There are two ways to approach a complex solution opportunity. One is to fully integrate and build it all in-house. This path has been taken by HP and Cisco with regard to the hyper-converged solutions. The other is to partner with vendors whose offerings complement your own, and this is the path that Lenovo and Juniper Networks are on. Let’s talk about the advantages and disadvantages of each approach, then conclude with some comments on the Lenovo/Juniper effort.
The advantages to building a complex solution in house have to do, at least on paper, with control and cost containment. This is because there are command and control advantages as long as the central management structure is strong and the vendor owns the overall solution. In addition, in such efforts overhead and sales expenses aren’t duplicated so costs should be lower. However, very often divisional conflicts and a lack of strong central control can bury the first set of advantages while excessive overhead/corporate costs connected to large complex companies overcome the second.
The disadvantages to this model are that should any of the divisions fall significantly behind the technology curve, the entire solution is risk. In addition, should the corporation need to replace that faltering component with a 3rd party solution, distrust between the partners of convenience will make a high level of integration nearly impossible (because both are in the same business). Ultimately, that forces limiting the solution to one with minimal integration.
In contrast, partnering allows for a greater degree of flexibility so that if one partner fails to perform, the other is generally free to pursue a, better relationship. Plus, because the firms typically don’t compete directly, they are far more willing to cooperate at deeper levels, potentially assuring higher integration. Also, since there is no strong central manager, if the two parties don’t cooperate, there is no one to step in and force the process. So the partners are dependent on the relationship and it becomes increasingly important for them to showcase a strong commitment.
The disadvantages in this approach are mainly around redundancies in costs, potentially raising solution’s price. Plus, integration is ad-hoc in the sense that the parts are often created first and then integrated after the fact. There typically isn’t a common standard inherent to the partners’ common efforts. So you look for firms that are very lean, that tend to use open processes and technologies aggressively to offset or overcome these risks.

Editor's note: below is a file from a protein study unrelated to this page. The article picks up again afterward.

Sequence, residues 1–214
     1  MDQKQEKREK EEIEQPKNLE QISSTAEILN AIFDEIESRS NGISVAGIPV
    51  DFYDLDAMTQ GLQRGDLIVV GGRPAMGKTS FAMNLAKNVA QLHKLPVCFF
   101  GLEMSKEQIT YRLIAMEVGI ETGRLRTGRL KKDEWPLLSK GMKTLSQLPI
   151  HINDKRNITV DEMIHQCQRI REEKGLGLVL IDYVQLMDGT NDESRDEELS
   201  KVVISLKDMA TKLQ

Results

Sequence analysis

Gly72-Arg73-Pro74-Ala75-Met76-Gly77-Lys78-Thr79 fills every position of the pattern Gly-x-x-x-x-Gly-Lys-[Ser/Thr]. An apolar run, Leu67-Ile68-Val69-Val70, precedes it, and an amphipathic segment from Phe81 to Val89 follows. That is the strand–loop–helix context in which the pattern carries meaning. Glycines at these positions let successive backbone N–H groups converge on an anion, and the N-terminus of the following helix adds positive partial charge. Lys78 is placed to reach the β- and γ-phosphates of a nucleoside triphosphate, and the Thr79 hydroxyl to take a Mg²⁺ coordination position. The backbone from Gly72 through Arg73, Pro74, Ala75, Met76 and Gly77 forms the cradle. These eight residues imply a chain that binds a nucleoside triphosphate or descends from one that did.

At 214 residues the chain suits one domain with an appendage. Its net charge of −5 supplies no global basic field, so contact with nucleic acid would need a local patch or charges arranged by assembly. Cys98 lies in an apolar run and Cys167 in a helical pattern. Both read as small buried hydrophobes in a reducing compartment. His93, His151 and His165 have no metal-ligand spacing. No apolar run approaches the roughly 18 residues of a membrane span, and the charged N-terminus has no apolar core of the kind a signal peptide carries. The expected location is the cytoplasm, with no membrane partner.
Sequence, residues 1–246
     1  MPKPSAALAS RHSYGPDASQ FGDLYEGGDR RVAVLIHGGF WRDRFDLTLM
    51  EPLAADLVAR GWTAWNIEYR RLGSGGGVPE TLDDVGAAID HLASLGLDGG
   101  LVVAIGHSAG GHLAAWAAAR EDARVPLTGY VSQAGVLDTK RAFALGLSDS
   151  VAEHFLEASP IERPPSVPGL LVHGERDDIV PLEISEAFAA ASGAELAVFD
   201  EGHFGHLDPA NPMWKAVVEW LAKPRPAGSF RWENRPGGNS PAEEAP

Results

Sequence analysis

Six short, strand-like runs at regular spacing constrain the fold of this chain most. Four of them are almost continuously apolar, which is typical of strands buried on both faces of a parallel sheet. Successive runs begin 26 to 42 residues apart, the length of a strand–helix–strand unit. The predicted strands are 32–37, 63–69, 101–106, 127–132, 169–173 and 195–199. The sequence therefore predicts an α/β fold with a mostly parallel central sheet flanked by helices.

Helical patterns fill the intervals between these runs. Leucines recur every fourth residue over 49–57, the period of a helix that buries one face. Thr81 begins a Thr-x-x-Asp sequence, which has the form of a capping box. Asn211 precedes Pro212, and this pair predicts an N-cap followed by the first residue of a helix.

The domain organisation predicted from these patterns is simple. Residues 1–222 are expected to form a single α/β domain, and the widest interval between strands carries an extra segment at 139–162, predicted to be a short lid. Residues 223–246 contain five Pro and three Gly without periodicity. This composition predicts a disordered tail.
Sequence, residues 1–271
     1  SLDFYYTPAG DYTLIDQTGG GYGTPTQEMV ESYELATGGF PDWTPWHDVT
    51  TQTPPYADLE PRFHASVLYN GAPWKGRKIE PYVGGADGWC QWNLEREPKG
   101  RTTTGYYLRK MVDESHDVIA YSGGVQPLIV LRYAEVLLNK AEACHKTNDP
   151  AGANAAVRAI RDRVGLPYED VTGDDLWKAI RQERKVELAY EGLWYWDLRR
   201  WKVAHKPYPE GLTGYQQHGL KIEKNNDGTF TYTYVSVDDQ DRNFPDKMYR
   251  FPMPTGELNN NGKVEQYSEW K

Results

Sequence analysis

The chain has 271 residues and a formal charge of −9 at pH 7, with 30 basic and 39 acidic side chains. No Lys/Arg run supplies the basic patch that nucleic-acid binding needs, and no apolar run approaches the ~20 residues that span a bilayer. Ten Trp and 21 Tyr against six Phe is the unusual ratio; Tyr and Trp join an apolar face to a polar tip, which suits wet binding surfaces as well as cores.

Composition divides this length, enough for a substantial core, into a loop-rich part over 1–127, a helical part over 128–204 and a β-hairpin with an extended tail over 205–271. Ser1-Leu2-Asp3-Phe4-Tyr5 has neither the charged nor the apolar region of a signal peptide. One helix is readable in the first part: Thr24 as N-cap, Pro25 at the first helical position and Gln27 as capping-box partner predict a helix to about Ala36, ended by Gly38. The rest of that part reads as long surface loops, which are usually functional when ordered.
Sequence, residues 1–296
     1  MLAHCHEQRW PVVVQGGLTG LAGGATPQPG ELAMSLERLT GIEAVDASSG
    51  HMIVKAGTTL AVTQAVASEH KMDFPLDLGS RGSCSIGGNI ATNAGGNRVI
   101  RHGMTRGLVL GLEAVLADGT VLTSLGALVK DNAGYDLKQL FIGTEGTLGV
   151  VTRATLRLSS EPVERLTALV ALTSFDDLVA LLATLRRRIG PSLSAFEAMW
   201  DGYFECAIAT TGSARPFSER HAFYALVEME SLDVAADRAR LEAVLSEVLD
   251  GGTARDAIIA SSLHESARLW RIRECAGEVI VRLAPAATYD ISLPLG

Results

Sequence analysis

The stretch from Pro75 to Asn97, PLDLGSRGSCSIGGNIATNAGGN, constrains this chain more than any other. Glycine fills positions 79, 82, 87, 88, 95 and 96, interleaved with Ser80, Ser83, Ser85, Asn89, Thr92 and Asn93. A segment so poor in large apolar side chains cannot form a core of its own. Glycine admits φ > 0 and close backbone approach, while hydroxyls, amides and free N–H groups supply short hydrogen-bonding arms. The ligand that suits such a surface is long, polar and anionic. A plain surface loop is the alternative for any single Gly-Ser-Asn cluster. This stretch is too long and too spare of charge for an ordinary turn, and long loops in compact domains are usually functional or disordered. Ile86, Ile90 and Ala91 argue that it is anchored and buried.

The newly announced relationship between Lenovo and Juniper Networks is clearly one where the second set of rules apply. Both companies have a strong history of executing, meaning that the risk that one will need to find a replacement for the other slight. There is no apparent competition of any significant measure between the firms so the important trust aspect should be strong. Both companies are relatively lean, sharply offsetting the disadvantage of redundant costs and allowing them to come together without creating excessive additional costs.
While there is no obvious common standard between the firms, they are both strongly committed to creating open offerings which should make the integration path far easier. In short, while Lenovo and Juniper are substantially different companies their structure and history should allow them to form a partnership that matches or exceeds those provided by more integrated vendors, and delivers more flexible solutions than integrated firms can likely provide.
While there are disadvantages to the approach that Lenovo and Juniper are taking, both firms’ structures and histories assure that, while joint solutions will initially be a bundling of very different products, they will eventually become far more integrated as the firms’ collaboration becomes deeper.
Lenovo, in particular, is creating a sort of partnership art as they flesh out their integrated portfolio of company-branded and partner-branded products. In that sense, Juniper is joining Microsoft, SAP, Nutanix, Red Hat and VMware in what has become one of the industry’s more impressive set of powerful partners that help Lenovo flesh out an increasingly impressive, even unmatched solution portfolio.